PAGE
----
If there is a silver lining to all of this, it is that requiems are voracious eaters who eat a variety of other animals in addition to humans, such as sharks and rays, squid, octopus, lobster, turtles, marine mammals, and sea birds [source: Randall]. The bull shark, a large and vicious member of the requiem family, is particularly dangerous to humans. That’ll be our next topic.
3: Bull Shark
The bull shark has some impressive statistics. The bull shark has already established itself as one of the three most dangerous sharks, with 121 attacks and 26 unprovoked fatal attacks [source: ISAF]. The bull shark is as ferocious as its name suggests.
The tiger shark (Carcharhinus leucas) technically outnumbers the bull shark (Carcharhinus leucas) in terms of attacks and fatalities. However, many researchers believe that the bull shark gets a free pass when it comes to statistics, and that it is actually responsible for many of the attacks attributed to tiger sharks and great white sharks.
The bull shark is dangerous simply because it is more likely than some of the other sharks on our list to come into contact with humans. It can live in both saltwater and freshwater, and the bull has been seen swimming in water that is shallow enough for humans to walk in. Furthermore, because bull sharks are territorial about their territory, a person out for a walk may be agitating them without realizing it.
2: Tiger Shark
Tiger sharks aren’t specifically looking for humans, but they weren’t looking for lumps of coal, cans of paint, packs of cigarettes, or Senegalese drums either. All of these items have been discovered in the bellies of tiger sharks (Galeocerdo cuvier), which are known for their voracious appetites [source: Parker]. While other sharks may only want a sample to see if a person is edible, the tiger shark is less likely to release a bite once it has taken it.
If a tiger shark decides to keep eating, you’re in for an unpleasant experience, to put it mildly. Their jaws have elastic muscles that allow them to swallow prey pieces much larger than they appear to be capable of. Once you’re in the grip of the tiger shark’s razor-sharp teeth, which can chomp through anything, there’s not much you can do. Despite its hard, protective shell, many a crunchy sea turtle has fallen prey to those teeth.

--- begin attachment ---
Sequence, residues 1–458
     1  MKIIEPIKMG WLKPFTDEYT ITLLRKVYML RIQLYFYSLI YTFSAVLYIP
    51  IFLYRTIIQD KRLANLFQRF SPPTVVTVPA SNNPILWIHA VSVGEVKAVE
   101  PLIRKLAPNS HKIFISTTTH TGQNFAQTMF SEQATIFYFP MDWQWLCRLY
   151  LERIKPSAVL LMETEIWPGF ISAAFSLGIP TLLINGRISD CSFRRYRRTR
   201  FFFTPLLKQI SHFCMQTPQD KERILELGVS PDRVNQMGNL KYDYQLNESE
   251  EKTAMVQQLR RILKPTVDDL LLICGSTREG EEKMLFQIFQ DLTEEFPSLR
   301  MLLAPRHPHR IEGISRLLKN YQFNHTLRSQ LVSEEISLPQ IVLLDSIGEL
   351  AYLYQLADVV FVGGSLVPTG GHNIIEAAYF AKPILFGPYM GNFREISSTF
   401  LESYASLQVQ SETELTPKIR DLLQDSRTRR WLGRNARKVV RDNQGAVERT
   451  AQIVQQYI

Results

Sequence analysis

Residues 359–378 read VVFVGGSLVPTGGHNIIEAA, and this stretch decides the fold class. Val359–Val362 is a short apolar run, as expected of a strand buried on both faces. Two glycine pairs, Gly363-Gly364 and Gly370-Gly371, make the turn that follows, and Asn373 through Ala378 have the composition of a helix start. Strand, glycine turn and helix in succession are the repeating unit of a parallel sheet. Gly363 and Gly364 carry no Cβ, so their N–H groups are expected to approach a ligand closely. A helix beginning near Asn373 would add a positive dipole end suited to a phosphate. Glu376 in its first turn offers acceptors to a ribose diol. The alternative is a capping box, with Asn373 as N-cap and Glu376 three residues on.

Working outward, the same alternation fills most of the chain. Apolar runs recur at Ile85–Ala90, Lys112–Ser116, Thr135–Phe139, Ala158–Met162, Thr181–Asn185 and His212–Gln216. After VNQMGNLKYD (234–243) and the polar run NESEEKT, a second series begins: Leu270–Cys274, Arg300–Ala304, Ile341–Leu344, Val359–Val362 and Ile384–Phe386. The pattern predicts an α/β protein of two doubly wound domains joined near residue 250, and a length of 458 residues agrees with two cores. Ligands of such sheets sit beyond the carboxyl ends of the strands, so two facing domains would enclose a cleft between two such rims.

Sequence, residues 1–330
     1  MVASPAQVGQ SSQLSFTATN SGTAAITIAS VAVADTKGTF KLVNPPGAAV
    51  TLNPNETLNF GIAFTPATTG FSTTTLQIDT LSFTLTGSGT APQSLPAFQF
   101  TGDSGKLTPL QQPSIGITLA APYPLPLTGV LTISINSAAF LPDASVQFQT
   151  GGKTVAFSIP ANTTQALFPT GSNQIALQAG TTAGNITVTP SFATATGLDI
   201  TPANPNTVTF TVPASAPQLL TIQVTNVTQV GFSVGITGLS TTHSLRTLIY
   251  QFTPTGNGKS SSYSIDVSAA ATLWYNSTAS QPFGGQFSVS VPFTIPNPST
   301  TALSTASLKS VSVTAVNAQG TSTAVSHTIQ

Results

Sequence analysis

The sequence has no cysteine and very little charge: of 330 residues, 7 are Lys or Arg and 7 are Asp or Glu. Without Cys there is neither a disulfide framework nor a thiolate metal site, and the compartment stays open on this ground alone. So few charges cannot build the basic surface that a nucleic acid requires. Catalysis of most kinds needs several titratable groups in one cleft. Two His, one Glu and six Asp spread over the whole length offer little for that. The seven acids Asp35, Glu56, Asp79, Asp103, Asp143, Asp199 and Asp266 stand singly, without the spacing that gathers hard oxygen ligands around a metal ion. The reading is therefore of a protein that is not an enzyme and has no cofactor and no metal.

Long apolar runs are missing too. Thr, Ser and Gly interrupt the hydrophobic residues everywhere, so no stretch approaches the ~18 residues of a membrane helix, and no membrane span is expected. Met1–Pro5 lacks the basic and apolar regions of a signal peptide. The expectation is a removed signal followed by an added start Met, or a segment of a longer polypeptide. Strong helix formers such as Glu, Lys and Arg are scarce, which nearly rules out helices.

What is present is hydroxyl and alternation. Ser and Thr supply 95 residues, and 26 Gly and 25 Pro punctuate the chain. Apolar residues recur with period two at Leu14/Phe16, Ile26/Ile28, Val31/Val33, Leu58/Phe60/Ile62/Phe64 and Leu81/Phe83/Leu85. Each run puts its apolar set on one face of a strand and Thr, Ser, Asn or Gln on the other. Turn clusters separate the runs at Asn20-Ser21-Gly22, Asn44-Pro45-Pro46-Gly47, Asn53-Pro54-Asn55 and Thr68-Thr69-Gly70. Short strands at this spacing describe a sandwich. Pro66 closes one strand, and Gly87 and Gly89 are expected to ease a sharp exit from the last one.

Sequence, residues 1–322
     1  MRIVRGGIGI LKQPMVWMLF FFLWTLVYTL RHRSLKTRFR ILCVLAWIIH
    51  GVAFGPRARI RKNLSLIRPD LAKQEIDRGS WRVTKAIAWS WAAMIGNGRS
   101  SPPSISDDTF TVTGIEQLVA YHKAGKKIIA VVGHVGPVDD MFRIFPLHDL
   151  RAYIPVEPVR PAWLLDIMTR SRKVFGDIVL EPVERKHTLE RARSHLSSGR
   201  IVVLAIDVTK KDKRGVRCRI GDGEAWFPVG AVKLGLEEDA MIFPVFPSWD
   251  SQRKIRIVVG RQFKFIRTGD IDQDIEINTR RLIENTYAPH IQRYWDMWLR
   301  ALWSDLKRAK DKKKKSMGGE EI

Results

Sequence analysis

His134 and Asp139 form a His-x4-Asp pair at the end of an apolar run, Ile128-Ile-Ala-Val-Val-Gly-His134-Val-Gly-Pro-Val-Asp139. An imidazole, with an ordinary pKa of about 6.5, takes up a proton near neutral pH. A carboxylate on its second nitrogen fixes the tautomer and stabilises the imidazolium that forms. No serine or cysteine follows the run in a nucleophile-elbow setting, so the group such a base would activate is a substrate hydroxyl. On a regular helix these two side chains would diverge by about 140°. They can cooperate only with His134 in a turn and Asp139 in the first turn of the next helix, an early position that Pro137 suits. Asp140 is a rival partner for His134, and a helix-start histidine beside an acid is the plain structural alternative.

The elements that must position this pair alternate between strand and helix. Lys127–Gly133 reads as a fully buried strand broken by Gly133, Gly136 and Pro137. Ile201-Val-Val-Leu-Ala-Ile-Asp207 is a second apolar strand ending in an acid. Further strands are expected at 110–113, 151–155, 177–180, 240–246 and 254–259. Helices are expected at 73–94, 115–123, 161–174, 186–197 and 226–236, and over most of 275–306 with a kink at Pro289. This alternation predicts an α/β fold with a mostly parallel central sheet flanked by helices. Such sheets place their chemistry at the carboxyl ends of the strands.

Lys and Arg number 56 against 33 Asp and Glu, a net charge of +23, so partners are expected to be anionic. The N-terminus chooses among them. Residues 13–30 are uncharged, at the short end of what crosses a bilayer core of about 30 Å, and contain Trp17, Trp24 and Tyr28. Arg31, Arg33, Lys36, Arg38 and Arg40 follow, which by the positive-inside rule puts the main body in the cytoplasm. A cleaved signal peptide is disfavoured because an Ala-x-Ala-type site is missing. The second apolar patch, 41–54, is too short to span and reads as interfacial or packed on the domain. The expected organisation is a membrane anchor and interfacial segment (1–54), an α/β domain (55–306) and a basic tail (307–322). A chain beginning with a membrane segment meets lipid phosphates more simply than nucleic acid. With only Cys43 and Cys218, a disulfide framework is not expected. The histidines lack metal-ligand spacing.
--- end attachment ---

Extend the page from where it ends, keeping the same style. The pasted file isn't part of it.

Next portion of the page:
Those teeth, which can puncture and rip apart prey in a matter of seconds, have been blamed for 138 attacks, 36 of which were fatal [source: ISAF].
Now we’ll move on to the number one shark on the list. You can probably guess what it is if you’ve seen the movie “Jaws.”
1: Great White
You don’t get to be the subject of a movie like “Jaws” unless you’re also dangerous in real life. Indeed, the great white shark (Carcharodon carcharias) is the shark that kills the most people and boats. The great white shark has been linked to 354 unprovoked shark attacks, with 57 fatalities [source: ISAF].
Peter Benchley, the author of “Jaws,” claimed in 2001 that he couldn’t have written the book now that he knew more about great white sharks [source: McCarthy]. The Great White isn’t the mindless killer it was portrayed to be on the big screen. This shark, on the other hand, is extremely curious and may bite humans to see if they would make a good meal. Humans, on the other hand, aren’t very good food, so they don’t usually come back for seconds. The fatty blubber of seals and sea lions is much preferred by these sharks.
While some scientists believe that great whites mistake surfers for seals, this could simply be a youthful error. According to some researchers, those sharks are most likely juveniles of the species who are just starting to eat seals and sea lions.
It won’t matter whether it’s a case of mistaken identity or not to the unfortunate person who is caught in these infamous jaws. When it comes to being a “taste bite,” the great white can consume 20 to 30 pounds (9 to 14 kilograms) of flesh with each bite, with the force of each bite measuring over 4,000 PSI [source: Brown]. A human could bleed to death or die from internal organ damage with just one bite.
Most swimmers won’t have to worry about coming across a great white shark because they prefer deep waters and are relatively uncommon. However, for some, their elusiveness serves to make them even more terrifying.